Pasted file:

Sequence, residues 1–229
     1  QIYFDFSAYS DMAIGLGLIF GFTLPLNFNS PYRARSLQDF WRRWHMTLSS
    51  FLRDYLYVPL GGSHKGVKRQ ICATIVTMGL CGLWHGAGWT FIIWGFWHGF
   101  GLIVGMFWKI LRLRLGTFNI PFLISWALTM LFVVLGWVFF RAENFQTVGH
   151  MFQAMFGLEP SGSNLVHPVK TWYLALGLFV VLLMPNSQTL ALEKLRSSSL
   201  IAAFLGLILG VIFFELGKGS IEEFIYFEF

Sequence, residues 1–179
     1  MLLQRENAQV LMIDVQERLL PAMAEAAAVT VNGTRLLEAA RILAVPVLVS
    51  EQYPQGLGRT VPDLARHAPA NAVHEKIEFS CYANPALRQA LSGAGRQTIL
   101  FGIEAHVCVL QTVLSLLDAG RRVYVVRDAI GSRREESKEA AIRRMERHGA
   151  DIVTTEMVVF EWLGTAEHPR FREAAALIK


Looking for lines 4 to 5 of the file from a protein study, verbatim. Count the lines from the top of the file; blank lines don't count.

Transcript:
   101  GLIVGMFWKI LRLRLGTFNI PFLISWALTM LFVVLGWVFF RAENFQTVGH
   151  MFQAMFGLEP SGSNLVHPVK TWYLALGLFV VLLMPNSQTL ALEKLRSSSL